Warioware: Smooth Moves doesn't have epic drama. It doesn't have deeper meaning. Heck, it doesn't even have much of a plot. What it does have, though, is fun.

In theory, it all begins when Wario steals the "form baton" (that is, the Wii remote) from its sacred temple. As he runs for his life from a giant boulder, the player steps in to defeat a series of fast-paced "microgames," the series' signature, which each only last a few seconds. Every microgame uses the Wii remote in a different way. Hold it like an elephant's trunk and pick apples from a tree. Rest it on your hip and do the hula with a giant doughnut. Use it like a fan to waft away unpleasant odors. Wario's town is full of people with their own sets of microgames and their own mini-stories—some of which involve adorable domestic animals dancing disco.

Silly and strange as it may be, Smooth Moves makes great use of the Wii remote. Plus, between the unlockable games and the multiplayer mode, there's plenty to break up the high-speed microgames. Realistic darts? Instant classic. But who would've thought hitting a ping-pong ball up an endless tower could be just as much fun?

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Beyond the game: Smooth Moves can be a sensory overload. Beyond the bright colors and the flashing lights, there's the quirky, upbeat music that gets players pumped for an ensuing onslaught of microgames.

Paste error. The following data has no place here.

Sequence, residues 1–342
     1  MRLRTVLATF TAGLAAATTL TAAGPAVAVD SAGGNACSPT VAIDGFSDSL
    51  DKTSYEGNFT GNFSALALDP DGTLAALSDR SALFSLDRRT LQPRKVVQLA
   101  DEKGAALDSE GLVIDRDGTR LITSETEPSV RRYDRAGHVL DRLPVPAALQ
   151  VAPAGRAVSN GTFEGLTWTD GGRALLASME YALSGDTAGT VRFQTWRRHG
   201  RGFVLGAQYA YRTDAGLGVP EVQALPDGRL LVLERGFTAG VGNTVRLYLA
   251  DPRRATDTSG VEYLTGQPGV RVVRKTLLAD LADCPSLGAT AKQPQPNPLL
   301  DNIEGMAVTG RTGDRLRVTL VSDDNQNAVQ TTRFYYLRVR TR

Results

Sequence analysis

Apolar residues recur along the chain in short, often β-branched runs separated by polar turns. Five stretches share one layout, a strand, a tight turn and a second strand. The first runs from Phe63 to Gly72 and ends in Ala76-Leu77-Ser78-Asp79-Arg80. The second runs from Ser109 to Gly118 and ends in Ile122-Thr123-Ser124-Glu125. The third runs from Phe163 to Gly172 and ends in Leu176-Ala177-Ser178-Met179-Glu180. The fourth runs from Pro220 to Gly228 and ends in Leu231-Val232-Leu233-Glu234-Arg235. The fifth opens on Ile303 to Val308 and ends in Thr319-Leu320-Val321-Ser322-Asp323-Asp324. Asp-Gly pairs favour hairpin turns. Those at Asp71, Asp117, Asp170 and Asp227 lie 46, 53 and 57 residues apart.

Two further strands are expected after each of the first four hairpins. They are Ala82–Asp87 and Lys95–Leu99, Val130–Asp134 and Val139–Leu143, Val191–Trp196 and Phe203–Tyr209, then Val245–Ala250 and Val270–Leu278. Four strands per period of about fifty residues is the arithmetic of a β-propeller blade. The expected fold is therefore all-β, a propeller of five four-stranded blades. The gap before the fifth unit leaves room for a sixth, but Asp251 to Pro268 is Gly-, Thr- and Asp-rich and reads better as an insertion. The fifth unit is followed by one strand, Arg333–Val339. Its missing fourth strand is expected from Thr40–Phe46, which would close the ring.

Worth playing for: Every new "form" of using the Wii remote is introduced by an unseen but hilarious form-baton sensei, who offers wisdom on such "noble" moves as "The Janitor," "The Mohawk," and "The Big Cheese."

Frustration sets in when: Warioware's five-second microgames work because they're simple enough that they can be understood instantly. But when a microgame isn't so intuitive—straighten the papers? Straighten them how?—the game's unforgiving pace leaves no time to understand.

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Final judgment: More fun than is probably healthy.